System V code in AIX and approximately 78,000 lines of UNIX System
V code in Dynix... SCO does not contend (and in any case has no
evidence) that IBM has misused any of these lines of code.
One of the best ways of establishing an "undisputed" fact, obviously, is to
use the opposite side's statements against them. IBM does not stop there,
however; the company brought in its own MIT scientist (and a high-profile
one at that: Randall Davis) to compare IBM's Linux contributions against
the SYSV code base. Mr. Davis concluded that, as one might expect, there
is no SYSV code (or even similarities to SYSV code) in IBM's work, which
is, thus, not a derived work of SYSV. The memorandum does not state
whether Mr. Davis developed a deep semantic theory to that effect,
Finally, IBM repeatedly points out that SCO was never able to provide any
examples of SYSV-derived code contributed to Linux, and that SCO is not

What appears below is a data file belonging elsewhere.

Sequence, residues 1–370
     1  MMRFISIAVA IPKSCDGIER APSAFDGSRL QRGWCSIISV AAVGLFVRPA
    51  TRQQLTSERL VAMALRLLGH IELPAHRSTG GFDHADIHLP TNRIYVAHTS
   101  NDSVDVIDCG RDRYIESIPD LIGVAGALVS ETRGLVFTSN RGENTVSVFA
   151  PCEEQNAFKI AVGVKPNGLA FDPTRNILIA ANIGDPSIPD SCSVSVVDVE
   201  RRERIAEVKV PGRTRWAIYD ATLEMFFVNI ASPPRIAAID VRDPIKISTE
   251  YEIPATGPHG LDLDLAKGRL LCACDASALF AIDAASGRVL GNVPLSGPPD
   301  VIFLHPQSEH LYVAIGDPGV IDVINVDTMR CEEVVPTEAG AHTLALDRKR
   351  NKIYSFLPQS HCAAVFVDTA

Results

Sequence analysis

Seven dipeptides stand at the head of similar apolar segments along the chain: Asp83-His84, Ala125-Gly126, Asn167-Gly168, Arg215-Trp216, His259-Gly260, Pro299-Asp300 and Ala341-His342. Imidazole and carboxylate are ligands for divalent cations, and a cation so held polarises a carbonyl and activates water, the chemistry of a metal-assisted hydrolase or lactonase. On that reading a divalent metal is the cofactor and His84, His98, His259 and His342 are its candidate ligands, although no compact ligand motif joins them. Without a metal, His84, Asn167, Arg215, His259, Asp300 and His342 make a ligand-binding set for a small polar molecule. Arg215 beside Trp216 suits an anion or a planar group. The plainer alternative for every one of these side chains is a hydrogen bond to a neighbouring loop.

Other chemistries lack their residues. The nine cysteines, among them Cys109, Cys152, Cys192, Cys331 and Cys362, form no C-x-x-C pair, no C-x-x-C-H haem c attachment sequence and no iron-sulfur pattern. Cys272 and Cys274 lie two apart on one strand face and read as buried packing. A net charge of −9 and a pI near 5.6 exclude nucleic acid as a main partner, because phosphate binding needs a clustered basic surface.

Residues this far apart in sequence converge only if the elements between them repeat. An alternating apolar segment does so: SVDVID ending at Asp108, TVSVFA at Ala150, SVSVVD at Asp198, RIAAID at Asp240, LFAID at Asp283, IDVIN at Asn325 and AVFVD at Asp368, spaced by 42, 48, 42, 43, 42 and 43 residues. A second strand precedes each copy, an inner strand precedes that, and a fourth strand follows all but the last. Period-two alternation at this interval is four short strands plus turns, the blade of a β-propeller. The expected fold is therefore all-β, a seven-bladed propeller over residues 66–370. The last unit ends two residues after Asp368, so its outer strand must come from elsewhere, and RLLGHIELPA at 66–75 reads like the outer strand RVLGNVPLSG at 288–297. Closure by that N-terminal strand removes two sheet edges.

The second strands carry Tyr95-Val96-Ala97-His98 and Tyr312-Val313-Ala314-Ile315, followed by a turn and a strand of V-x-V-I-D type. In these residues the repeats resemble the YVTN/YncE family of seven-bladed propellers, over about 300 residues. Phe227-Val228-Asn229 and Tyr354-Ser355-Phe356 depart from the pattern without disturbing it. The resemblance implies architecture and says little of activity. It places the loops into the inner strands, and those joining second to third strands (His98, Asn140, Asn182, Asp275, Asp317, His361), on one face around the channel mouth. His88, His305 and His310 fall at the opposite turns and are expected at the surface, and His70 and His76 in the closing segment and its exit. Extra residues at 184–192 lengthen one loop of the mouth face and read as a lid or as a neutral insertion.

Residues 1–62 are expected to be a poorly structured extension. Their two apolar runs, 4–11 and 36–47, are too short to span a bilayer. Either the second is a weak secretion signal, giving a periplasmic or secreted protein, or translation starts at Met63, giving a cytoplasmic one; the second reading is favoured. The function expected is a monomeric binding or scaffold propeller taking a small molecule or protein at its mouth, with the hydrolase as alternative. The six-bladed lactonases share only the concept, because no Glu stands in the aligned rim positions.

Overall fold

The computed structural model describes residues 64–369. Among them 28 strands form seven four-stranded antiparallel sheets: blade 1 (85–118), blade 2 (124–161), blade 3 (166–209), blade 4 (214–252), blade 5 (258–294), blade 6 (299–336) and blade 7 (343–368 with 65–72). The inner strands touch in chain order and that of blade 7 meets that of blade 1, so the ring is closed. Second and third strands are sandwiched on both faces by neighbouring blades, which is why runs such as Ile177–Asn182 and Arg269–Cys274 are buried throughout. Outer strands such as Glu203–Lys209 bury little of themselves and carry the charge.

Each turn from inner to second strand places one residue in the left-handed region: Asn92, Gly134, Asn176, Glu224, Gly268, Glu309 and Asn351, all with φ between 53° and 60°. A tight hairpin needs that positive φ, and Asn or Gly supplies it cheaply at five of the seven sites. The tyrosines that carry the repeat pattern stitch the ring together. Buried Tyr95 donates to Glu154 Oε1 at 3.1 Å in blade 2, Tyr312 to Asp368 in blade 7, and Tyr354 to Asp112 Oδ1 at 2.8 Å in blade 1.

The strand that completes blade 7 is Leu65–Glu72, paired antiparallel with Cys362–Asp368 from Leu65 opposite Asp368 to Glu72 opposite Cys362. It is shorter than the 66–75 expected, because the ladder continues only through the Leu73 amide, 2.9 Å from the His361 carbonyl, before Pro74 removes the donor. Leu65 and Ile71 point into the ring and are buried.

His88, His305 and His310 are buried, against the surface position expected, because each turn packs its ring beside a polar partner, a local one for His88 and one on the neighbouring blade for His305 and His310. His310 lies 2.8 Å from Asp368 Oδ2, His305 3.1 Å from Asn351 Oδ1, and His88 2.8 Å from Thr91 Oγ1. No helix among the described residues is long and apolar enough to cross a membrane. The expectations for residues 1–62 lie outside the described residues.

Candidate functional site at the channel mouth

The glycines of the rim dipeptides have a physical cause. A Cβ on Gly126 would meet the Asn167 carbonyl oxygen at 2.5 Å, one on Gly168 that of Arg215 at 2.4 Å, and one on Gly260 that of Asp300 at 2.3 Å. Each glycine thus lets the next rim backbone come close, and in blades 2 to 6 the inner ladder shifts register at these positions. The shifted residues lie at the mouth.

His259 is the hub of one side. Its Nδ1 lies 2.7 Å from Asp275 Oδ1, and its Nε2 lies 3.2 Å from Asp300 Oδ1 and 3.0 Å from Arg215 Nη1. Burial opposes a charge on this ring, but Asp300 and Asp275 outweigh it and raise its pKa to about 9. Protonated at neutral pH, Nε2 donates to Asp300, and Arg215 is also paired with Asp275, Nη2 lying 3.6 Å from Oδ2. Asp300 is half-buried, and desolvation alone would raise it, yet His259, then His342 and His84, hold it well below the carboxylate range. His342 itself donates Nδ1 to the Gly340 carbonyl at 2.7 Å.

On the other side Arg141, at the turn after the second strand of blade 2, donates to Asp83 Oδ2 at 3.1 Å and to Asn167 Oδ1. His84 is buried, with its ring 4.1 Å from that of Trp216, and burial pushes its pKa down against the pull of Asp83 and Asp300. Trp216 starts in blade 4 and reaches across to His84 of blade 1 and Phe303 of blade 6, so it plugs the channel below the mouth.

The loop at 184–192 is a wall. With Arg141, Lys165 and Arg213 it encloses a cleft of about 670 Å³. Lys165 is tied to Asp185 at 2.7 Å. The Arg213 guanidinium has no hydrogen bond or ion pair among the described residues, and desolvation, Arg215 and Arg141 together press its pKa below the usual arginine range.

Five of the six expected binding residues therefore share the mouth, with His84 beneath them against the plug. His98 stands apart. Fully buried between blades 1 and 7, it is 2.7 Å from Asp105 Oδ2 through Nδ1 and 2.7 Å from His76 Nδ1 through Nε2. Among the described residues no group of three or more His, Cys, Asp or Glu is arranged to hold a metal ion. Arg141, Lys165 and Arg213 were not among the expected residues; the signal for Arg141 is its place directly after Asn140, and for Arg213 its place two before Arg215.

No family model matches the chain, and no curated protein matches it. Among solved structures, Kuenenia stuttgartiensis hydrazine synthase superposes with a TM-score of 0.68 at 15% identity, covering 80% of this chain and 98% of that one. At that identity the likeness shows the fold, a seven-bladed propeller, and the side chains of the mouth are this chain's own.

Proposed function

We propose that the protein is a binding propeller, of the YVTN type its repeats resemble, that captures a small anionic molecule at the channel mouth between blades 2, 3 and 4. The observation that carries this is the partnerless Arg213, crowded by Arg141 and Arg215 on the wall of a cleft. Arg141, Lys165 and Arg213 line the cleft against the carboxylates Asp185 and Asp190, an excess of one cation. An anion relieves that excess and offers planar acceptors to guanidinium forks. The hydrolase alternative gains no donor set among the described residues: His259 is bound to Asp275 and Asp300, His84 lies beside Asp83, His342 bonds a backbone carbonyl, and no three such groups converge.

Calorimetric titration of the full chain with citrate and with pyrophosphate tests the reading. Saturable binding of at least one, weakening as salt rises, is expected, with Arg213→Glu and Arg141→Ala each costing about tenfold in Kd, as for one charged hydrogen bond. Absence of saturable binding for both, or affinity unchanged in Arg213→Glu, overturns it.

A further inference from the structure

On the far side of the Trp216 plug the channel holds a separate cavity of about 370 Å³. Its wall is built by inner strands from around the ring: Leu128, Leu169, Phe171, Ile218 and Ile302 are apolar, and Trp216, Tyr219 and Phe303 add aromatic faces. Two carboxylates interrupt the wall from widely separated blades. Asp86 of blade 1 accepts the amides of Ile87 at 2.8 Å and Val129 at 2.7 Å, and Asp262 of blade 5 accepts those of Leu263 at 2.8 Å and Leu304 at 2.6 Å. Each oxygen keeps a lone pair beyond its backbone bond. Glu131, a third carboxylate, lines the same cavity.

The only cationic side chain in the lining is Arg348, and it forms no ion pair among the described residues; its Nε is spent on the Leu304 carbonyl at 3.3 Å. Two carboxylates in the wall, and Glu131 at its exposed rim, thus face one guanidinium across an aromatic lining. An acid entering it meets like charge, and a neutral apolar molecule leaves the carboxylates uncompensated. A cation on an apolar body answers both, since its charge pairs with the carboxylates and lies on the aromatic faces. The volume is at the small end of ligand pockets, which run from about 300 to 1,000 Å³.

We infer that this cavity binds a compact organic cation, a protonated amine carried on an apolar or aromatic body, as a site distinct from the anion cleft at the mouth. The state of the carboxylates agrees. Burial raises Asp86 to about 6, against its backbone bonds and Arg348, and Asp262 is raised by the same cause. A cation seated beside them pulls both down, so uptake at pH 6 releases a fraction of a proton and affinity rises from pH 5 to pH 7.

arguing that such a contribution has occurred:
Moreover, SCO's responses to IBM's interrogatories do not identify
any UNIX System V source code from which any of the code IBM
contributed to Linux is allegedly derived. Indeed, SCO refused to
provide such information because it "is not part of SCO's
Thus, says IBM, the lack of any direct use of SYSV-derived code in violation of the
license agreement is undisputed.
What the license says
SCO still seems to believe that it has a case, however. That case depends
on a very broad reading of the Unix license contract signed between ATT and
IBM almost 20 years ago. From ¶62:
SCO's contract claims instead rest entirely on the proposition that
"[t]he AIX work as a whole and the Dynix/ptx work as a whole are
modifications of, or are derived from [UNIX] System V". Under
SCO's theory of the case, all of the tens of millions of
lines of code ever associated with any technology found in AIX or
Dynix, even if that code does not contain any UNIX System V code,
is subject to the restrictions of the IBM and Sequent Software
SCO, in other words, claims to own anything which ever might have breathed
the same air as SYSV Unix. This interpretation has been clear for some
time, and IBM has gone to great lengths to get SCO to commit itself (in
court) to that
position. IBM now hopes to demonstrate that, beyond any possibility of
dispute, the license contracts do not give SCO the rights it thinks it has.